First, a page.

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### Chapter 5: Overview of the Decoding Process {#h-05-00}
A VP8 decoder needs to maintain four YUV frame buffers whose resolutions are at least equal to that of the encoded image. These buffers hold the current frame being reconstructed, the immediately previous reconstructed frame, the most recent golden frame, and the most recent altref frame.
Most implementations will wish to "pad" these buffers with "invisible" pixels that extend a moderate number of pixels beyond all four edges of the visible image. This simplifies interframe prediction by allowing all (or most) prediction blocks -- which are _not_ guaranteed to lie within the visible area of a prior frame -- to address usable image data.
Regardless of the amount of padding chosen, the invisible rows above (below) the image are filled with copies of the top (bottom) row of the image; the invisible columns to the left (right) of the image are filled with copies of the leftmost (rightmost) visible row; and the four invisible corners are filled with copies of the corresponding visible corner pixels. The use of these prediction buffers (and suggested sizes for the _halo_) will be elaborated on in the discussion of motion vectors, interframe prediction, and sub-pixel interpolation later in this document.
As will be seen in the description of the frame header, the image dimensions are specified (and can change) with every key frame. These buffers (and any other data structures whose size depends on the size of the image) should be allocated (or re-allocated) immediately after the dimensions are decoded.
Leaving most of the details for later elaboration, the following is an outline the decoding process.
First, the frame header (beginning of the first data partition) is decoded. Altering or augmenting the maintained state of the decoder, this provides the context in which the per-macroblock data can be interpreted.
The macroblock data occurs (and must be processed) in raster-scan order. This data comes in two or more parts. The first (_prediction_ or _mode_) part comes in the remainder of the first data partition. The other parts comprise the data partition(s) for the DCT/WHT coefficients of the residue signal. For each macroblock, the prediction data must be processed before the residue.
Each macroblock is predicted using one (and only one) of four possible frames. All macroblocks in a key frame, and all _intra-coded_ macroblocks in an interframe, are predicted using the already-decoded macroblocks in the current frame. Macroblocks in an interframe may also be predicted using the previous frame, the golden frame or the altref frame. Such macroblocks are said to be _inter-coded_.
The purpose of prediction is to use already-constructed image data to approximate the portion of the original image being reconstructed. The effect of any of the prediction modes is then to write a macroblock-sized prediction buffer containing this approximation.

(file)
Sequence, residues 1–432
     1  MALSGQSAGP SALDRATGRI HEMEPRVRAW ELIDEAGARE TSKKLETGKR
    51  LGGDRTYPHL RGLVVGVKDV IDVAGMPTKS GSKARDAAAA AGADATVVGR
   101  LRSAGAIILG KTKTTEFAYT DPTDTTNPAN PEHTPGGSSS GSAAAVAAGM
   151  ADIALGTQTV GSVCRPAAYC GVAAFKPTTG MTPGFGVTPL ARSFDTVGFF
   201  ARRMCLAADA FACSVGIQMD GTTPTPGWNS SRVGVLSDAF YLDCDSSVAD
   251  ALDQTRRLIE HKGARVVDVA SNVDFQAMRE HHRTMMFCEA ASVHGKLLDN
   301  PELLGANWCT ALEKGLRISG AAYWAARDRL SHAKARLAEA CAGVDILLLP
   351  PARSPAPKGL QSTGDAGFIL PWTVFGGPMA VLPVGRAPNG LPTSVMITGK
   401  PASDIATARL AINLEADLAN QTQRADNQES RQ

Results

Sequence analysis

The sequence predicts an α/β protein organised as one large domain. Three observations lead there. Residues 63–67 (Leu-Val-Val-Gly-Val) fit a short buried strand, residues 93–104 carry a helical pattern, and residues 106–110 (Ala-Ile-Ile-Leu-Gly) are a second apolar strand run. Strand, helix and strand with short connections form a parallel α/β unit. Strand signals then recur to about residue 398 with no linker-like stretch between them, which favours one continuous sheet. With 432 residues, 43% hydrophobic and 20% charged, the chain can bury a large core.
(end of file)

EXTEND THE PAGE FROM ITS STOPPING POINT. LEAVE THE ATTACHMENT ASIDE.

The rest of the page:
Regardless of the prediction method, the residue DCT signal is decoded, dequantized, reverse-transformed, and added to the prediction buffer to produce the (almost final) reconstruction value of the macroblock, which is stored in the correct position of the current frame buffer.
The residue signal consists of 24 (sixteen Y, four U, and four V) 4x4 quantized and losslessly-compressed DCT transforms approximating the difference between the original macroblock in the uncompressed source and the prediction buffer. For most prediction modes, the zero<sup>th</sup> coefficients of the sixteen Y subblocks are expressed via a 25th WHT of the second-order virtual Y2 subblock discussed above.
_Intra-prediction_ exploits the spatial coherence of frames. The 16x16 luma (Y) and 8x8 chroma (UV) components are predicted independently of each other using one of four simple means of pixel propagation, starting from the already-reconstructed (16-pixel long luma, 8-pixel long chroma) row above and column to the left of the current macroblock. The four methods are:
1. Copying the row from above throughout the prediction buffer.
2. Copying the column from left throughout the prediction buffer.
3. Copying the average value of the row and column throughout the prediction buffer.
4. Extrapolation from the row and column using the (fixed) second difference (horizontal and vertical) from the upper left corner.
Additionally, the sixteen Y subblocks may be predicted independently of each other using one of ten different _modes_, four of which are 4x4 analogs of those described above, augmented with six "diagonal" prediction methods. There are two types of predictions, one intra and one prediction (among all the modes), for which the residue signal does not use the Y2 block to encode the DC portion of the sixteen 4x4 Y subblock DCTs. This "independent Y subblock" mode has no effect on the 8x8 chroma prediction.
_Inter-prediction_ exploits the temporal coherence between nearby frames. Except for the choice of the prediction frame itself, there is no difference between inter-prediction based on the previous frame and that based on the golden frame or altref frame.